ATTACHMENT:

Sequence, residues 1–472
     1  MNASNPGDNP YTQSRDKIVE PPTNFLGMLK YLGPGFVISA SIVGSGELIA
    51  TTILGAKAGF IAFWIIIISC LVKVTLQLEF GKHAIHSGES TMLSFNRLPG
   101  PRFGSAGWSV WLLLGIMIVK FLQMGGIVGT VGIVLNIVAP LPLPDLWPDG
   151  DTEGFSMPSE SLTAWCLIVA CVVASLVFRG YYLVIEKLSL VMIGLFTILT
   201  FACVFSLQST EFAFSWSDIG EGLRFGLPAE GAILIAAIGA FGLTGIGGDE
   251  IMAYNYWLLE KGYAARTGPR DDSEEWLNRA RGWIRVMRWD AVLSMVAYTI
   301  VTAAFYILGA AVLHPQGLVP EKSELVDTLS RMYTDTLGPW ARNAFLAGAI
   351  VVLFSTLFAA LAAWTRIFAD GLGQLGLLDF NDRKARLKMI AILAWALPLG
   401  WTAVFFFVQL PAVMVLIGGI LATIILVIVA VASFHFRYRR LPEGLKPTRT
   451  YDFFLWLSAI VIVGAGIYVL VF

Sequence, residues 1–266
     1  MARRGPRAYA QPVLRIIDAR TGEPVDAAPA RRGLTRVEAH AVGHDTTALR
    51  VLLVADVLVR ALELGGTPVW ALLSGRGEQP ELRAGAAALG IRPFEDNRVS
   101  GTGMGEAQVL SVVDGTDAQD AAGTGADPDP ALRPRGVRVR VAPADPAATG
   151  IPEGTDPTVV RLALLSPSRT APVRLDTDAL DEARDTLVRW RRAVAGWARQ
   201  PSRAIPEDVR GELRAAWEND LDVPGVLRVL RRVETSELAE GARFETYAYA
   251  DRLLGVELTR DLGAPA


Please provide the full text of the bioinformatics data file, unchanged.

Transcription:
Sequence, residues 1–472
     1  MNASNPGDNP YTQSRDKIVE PPTNFLGMLK YLGPGFVISA SIVGSGELIA
    51  TTILGAKAGF IAFWIIIISC LVKVTLQLEF GKHAIHSGES TMLSFNRLPG
   101  PRFGSAGWSV WLLLGIMIVK FLQMGGIVGT VGIVLNIVAP LPLPDLWPDG
   151  DTEGFSMPSE SLTAWCLIVA CVVASLVFRG YYLVIEKLSL VMIGLFTILT
   201  FACVFSLQST EFAFSWSDIG EGLRFGLPAE GAILIAAIGA FGLTGIGGDE
   251  IMAYNYWLLE KGYAARTGPR DDSEEWLNRA RGWIRVMRWD AVLSMVAYTI
   301  VTAAFYILGA AVLHPQGLVP EKSELVDTLS RMYTDTLGPW ARNAFLAGAI
   351  VVLFSTLFAA LAAWTRIFAD GLGQLGLLDF NDRKARLKMI AILAWALPLG
   401  WTAVFFFVQL PAVMVLIGGI LATIILVIVA VASFHFRYRR LPEGLKPTRT
   451  YDFFLWLSAI VIVGAGIYVL VF

Sequence, residues 1–266
     1  MARRGPRAYA QPVLRIIDAR TGEPVDAAPA RRGLTRVEAH AVGHDTTALR
    51  VLLVADVLVR ALELGGTPVW ALLSGRGEQP ELRAGAAALG IRPFEDNRVS
   101  GTGMGEAQVL SVVDGTDAQD AAGTGADPDP ALRPRGVRVR VAPADPAATG
   151  IPEGTDPTVV RLALLSPSRT APVRLDTDAL DEARDTLVRW RRAVAGWARQ
   201  PSRAIPEDVR GELRAAWEND LDVPGVLRVL RRVETSELAE GARFETYAYA
   251  DRLLGVELTR DLGAPA